Strict ban on Ireland’s alcohol advertising. Will the UK be next?

Running Promotions Overseas
15th October 2018
Terms & Conditions Apply – does it really matter?
13th November 2018

Drinks manufacturers have just a year to prepare for Ireland’s new, stricter alcohol legislation that aims to cut down the amount of drink consumed in Ireland by minimising its visibility through advertising. We ask could the UK follow suit?

The Irish Minister for Health, Simon Harris, has signed orders to commence 23 sections of the Public Health (Alcohol) Bill which will come into effect on 12th November 2019. Alcohol ads will be banned on public service vehicles such as trains and buses, as well as bus stops and train stations. Adverts will also be prohibited from being shown within 200 metres of schools and public playgrounds, at cinemas except for films shown to over 18 year olds.

The controversial legislation will not just end there. In November 2020 the visibility of alcohol within stores such as supermarkets or petrol stations will be confined to a separate area for products and advertising segregated by a 1.2metre high barrier. And in November 2021 further bans on alcohol advertising will include sports areas during sporting events, at events aimed at children, or where most participants are children. Alcohol sponsorship of events aimed at children or involving racing vehicles will also be banned.

Other provisions being determined include minimum unit pricing – a cost below which alcohol cannot be sold, and detailed labelling on alcohol products with ingredients, calories and health warnings about the links between drinking and diseases.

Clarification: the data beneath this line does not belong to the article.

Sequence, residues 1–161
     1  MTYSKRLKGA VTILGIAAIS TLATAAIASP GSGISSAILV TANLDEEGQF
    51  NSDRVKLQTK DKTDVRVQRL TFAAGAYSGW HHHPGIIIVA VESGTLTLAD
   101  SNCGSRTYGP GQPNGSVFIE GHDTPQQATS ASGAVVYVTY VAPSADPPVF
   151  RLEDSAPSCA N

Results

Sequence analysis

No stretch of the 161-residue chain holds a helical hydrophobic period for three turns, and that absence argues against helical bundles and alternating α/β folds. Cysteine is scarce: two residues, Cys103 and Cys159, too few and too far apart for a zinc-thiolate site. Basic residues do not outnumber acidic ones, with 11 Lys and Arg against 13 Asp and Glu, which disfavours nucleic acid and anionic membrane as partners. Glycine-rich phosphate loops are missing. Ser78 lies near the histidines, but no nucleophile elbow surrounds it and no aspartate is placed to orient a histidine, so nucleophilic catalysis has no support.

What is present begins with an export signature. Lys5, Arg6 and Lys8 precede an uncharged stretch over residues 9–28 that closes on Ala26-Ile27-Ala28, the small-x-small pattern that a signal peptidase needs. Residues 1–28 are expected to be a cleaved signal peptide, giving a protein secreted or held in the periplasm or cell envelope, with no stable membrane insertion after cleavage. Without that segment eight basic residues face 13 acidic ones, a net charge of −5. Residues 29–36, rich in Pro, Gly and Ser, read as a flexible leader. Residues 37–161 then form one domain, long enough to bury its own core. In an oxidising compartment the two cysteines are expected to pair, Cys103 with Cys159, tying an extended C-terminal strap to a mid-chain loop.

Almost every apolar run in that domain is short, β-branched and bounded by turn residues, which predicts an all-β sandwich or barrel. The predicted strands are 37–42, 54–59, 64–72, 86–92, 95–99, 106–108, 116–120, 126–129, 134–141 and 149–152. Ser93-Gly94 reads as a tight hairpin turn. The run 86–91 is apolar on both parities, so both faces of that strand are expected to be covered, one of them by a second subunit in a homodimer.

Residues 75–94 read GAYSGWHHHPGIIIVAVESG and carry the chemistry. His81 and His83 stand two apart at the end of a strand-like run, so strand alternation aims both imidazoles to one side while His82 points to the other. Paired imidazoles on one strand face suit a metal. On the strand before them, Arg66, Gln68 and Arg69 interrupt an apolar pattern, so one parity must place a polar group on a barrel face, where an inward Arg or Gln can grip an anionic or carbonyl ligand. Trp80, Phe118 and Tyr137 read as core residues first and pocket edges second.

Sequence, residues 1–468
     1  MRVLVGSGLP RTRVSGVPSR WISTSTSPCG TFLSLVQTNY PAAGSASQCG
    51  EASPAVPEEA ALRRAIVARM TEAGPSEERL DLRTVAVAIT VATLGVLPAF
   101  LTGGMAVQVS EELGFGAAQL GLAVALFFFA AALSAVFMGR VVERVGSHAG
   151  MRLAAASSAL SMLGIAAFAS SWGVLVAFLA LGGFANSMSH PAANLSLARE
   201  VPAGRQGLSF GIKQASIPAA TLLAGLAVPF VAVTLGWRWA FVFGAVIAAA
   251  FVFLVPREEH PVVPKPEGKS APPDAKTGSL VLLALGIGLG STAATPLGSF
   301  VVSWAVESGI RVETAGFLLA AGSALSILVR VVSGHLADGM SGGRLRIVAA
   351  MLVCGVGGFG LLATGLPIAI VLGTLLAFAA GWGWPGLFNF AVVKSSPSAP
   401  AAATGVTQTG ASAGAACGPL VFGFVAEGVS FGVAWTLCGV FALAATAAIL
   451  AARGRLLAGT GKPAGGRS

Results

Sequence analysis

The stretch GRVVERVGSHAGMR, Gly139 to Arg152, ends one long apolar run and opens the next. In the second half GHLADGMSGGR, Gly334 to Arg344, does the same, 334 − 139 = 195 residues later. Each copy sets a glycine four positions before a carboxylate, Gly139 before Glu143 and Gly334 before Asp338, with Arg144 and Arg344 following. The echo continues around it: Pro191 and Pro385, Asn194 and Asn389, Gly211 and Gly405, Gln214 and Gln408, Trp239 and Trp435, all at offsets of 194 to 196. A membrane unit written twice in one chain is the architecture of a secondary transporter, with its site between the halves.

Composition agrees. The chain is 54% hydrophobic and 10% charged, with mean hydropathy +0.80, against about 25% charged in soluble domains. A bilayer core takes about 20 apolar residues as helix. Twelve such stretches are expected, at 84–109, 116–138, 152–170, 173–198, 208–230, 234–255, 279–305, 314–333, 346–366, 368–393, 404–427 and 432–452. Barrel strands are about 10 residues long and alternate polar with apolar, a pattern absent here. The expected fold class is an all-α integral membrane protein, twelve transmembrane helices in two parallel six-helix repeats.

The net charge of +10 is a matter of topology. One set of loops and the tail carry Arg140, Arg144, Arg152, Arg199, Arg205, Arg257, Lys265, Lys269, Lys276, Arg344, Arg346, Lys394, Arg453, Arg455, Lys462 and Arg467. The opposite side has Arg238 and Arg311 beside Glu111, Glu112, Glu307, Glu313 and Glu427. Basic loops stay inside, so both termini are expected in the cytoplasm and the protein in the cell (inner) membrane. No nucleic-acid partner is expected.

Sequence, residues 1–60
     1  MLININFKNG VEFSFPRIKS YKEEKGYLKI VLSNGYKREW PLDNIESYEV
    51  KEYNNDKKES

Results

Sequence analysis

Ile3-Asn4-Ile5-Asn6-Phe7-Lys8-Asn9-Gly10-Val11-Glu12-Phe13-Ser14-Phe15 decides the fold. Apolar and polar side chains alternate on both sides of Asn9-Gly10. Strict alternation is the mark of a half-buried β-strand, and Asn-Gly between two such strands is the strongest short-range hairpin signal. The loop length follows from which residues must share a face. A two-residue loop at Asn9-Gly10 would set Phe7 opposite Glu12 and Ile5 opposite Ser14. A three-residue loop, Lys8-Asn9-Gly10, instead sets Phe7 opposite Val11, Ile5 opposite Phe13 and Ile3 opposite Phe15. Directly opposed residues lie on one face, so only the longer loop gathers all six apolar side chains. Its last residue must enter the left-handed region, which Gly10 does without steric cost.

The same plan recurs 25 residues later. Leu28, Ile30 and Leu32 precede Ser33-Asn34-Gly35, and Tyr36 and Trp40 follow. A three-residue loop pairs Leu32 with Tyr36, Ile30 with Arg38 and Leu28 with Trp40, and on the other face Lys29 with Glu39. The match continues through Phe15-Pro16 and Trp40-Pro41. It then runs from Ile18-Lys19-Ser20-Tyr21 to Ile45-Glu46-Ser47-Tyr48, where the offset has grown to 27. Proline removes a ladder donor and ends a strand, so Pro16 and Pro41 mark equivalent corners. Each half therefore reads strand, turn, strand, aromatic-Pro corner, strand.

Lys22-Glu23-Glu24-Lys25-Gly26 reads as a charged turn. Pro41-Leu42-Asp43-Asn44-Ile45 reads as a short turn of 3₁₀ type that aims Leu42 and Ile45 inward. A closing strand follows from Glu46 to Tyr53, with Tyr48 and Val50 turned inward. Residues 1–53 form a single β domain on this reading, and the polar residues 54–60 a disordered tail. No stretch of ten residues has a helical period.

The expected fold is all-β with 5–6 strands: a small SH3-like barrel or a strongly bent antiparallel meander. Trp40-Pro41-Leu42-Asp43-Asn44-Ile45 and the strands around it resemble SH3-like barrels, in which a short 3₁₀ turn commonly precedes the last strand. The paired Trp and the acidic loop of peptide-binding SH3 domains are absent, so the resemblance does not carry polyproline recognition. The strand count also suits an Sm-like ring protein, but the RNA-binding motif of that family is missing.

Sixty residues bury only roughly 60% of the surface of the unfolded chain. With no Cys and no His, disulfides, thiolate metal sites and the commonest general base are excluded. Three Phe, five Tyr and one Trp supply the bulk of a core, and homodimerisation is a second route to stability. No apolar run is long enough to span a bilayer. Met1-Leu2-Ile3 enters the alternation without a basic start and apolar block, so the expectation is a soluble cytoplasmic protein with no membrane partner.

Despite fervent opposition from the drinks industry this legislation has become a priority for the Irish government fuelled by health concerns and Ireland’s binge drinking culture. Harris stated, “This is the first time in history of our state that we have endeavoured to use public health legislation to address issues in respect to alcohol…The measures in this bill will make a real difference to changing the culture of drinking Ireland over a period of time.”

Drinks advertising in the UK

Alcohol companies in the UK must take note and not be complacent. They need to employ a responsible view when it comes to their own advertising campaigns or else risk the intervention of the government too.  In 2017 a government survey of national drinking habits found that although young people aged 16-24 drank the least out of the respondents, when they do drink their consumption is higher than all other ages, in other words they are binging. Findings like this are going towards shaping the UK government’s commitment to a national ‘Alcohol Strategy’ to cut down binge drinking, violence and damaging levels of health. This strategy is led by pressure group Alcohol Concern who campaign for children to see less alcohol advertising and who believe that children aged 10-15 years in the UK see 11% more alcohol ads than over 25 year olds.

This sort of reckless advertising will eventually see the introduction of strict laws and rules and the end to the flexibility that the self-regulated UK advertising industry has always enjoyed.

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